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A Black Woman's Journey from Cotton Picking to College Professor

Lessons about Race, Class, and Gender in America

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Menah Pratt-Clarke

A Black Woman's Journey from Cotton Picking to College Professor:  Lessons about Race, Class, and Gender in America traces the journey and transformation of Mildred Sirls, a young Black girl in rural east Texas in the 1930s who picked cotton to help her family survive, to Dr. Mildred Pratt, Professor Emerita of Social Work, who, by lifting as she climbed, influenced hundreds of students and empowered a community.

As a daughter, sister, wife, mother, and scholar-activist, Mildred lived her core beliefs: she felt that it was important to validate individual human dignity; she recognized the power of determination and discipline as keys to success; and she had a commitment to empowering and serving others for the greater good of society. Such values not only characterized the life that she led, they are exemplified by the legacy she left. A Black Woman's Journey from Cotton Picking to College Professor reflects those core values. It celebrates ordinary lives and individuals; it demonstrates the value of hard work; and it illustrates the motto of the National Association of Colored Women, “lifting as we climb.” 

A Black Woman's Journey from Cotton Picking to College Professor can be used for courses in history, ethnic studies, African-American studies, English, literature, sociology, social work, and women’s studies. It will be of interest to sociologists, anthropologists, historians, political economists, philosophers, social justice advocates, humanists, humanitarians, faith-based activists, and philanthropists.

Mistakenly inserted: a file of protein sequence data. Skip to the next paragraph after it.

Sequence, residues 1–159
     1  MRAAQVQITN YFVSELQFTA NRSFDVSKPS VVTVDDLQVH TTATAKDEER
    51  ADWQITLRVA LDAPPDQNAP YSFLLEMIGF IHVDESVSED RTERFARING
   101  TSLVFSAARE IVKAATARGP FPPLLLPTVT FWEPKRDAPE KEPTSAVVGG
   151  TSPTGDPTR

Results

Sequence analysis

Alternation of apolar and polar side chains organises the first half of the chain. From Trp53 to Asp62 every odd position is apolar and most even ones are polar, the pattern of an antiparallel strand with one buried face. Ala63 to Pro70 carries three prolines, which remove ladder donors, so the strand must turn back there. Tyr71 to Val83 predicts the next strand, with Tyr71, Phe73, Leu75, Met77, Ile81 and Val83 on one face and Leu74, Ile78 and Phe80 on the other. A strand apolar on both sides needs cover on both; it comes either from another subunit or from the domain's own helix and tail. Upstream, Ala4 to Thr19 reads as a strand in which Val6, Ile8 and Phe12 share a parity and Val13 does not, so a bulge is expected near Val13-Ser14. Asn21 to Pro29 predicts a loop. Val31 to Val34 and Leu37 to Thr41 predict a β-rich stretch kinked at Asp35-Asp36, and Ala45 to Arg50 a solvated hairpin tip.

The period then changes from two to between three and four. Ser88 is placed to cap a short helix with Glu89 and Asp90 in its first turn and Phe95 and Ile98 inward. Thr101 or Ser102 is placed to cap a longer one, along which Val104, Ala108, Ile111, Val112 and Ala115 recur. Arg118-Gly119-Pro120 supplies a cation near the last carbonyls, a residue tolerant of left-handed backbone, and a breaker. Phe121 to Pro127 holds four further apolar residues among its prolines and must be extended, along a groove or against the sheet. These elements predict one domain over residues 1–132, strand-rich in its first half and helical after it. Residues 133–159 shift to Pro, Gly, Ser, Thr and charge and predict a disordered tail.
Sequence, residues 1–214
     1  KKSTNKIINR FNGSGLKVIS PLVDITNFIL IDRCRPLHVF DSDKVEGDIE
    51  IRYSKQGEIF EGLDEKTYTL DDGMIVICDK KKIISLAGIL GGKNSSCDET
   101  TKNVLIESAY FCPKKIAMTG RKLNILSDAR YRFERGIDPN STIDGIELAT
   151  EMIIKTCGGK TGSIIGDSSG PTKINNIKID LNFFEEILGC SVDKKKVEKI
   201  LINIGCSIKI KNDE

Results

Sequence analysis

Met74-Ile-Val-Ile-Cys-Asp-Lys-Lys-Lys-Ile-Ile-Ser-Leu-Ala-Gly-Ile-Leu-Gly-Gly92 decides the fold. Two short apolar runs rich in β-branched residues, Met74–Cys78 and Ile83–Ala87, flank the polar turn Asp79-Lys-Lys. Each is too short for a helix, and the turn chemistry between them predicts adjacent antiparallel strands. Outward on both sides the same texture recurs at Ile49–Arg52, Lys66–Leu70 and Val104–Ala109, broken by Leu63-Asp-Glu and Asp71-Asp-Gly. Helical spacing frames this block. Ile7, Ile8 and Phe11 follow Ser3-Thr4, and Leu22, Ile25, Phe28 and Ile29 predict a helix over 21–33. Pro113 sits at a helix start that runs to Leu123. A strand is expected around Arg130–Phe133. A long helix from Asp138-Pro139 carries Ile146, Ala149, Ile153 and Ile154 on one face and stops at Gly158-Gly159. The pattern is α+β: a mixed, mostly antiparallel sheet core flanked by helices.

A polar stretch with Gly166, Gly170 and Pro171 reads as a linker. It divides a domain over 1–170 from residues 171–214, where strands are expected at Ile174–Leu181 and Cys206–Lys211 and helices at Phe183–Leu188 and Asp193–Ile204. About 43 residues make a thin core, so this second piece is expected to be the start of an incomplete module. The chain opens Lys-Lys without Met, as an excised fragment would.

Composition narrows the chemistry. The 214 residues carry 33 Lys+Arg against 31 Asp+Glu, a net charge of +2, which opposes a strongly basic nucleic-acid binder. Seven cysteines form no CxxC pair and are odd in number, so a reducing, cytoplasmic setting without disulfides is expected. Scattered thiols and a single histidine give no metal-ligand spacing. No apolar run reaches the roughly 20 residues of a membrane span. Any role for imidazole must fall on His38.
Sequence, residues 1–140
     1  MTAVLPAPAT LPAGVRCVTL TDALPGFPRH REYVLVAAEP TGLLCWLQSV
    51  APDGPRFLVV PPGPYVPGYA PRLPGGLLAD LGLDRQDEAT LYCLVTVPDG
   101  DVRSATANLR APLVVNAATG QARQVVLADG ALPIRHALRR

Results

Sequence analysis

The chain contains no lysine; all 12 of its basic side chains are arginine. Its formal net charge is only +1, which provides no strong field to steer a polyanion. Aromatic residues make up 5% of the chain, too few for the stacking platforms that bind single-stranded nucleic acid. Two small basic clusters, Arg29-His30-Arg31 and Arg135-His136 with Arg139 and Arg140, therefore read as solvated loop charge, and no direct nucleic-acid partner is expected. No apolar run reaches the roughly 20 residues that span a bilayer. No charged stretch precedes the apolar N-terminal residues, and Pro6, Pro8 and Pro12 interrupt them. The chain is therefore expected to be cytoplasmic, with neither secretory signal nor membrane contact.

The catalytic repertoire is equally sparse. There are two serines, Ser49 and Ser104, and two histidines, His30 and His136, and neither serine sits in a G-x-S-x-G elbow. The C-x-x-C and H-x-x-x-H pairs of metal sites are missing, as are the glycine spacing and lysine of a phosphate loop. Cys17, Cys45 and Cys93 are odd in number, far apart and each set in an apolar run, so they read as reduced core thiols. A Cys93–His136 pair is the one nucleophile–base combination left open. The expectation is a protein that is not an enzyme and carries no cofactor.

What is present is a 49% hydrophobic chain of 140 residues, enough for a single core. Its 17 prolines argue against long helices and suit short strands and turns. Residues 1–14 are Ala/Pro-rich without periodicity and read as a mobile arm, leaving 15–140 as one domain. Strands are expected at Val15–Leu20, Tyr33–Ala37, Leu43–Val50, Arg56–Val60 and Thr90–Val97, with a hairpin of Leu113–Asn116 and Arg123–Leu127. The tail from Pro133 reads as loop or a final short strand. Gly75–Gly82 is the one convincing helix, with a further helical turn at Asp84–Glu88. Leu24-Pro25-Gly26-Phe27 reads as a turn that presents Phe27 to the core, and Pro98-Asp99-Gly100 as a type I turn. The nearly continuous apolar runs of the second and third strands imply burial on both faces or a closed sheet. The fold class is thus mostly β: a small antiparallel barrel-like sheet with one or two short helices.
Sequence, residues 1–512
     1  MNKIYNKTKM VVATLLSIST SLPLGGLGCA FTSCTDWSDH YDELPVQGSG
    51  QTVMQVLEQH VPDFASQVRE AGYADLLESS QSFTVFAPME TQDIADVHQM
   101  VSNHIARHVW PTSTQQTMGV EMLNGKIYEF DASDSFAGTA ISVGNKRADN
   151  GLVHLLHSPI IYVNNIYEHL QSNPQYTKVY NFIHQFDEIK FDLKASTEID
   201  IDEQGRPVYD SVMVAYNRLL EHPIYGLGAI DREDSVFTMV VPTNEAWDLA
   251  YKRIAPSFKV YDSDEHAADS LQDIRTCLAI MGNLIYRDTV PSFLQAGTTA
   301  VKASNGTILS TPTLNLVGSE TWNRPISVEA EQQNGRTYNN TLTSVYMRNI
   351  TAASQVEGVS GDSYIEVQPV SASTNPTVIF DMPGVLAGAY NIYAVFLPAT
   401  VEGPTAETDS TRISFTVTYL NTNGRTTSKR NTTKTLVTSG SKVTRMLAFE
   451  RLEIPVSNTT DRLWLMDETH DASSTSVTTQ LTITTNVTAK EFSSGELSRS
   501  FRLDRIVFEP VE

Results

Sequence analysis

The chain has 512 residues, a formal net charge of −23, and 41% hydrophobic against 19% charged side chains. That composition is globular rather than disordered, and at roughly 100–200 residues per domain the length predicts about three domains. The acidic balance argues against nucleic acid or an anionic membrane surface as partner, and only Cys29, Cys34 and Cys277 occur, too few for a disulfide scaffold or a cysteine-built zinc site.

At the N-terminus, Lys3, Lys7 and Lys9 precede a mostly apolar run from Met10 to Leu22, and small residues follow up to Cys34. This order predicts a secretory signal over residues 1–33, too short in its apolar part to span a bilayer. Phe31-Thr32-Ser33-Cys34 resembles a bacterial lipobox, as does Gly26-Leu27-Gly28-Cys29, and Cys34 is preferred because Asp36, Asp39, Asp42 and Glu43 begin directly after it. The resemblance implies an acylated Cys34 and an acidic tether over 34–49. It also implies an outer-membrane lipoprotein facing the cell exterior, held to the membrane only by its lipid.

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Chapter Two: The Critical Black Feminist Autobiography

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CHAPTER TWO

The Critical Black Feminist Autobiography

 

Our young African-American children must grow up knowing who they are, where they came from, who they came from—who suffered, died, was humiliated so that they can be where they are. They must know on whose back they were carried. …We, our children, and their children must be the storyteller—we must assure that the story is told like it was and is. Mildred Pratt1

This chapter situates Mildred’s auto-biography2 in the context of literature about Black women’s autobiographical writing and it demonstrates the connections between Black women’s autobiographical writing and Critical Black Feminism. It ends with Mildred’s introduction to her autobiography.

Black Women’s Autobiography

White men’s lives have often dominated the biographies and autobiographies that provide a window into the past. White men who worked in public or official capacity were often able to document their experiences. As such, their story was seen as the official, and only, legitimate, perspective and account of history:

The rise of professional history in the late nineteenth and early twentieth centuries brought with it a reverence for written sources as the most authoritative, transparent ← 19 | 20 → windows into the past. The serious historical biographer came to believe that he or she could only write about people who left extensive documentation behind; more often than not, the subjects were white men who worked in a public or official...

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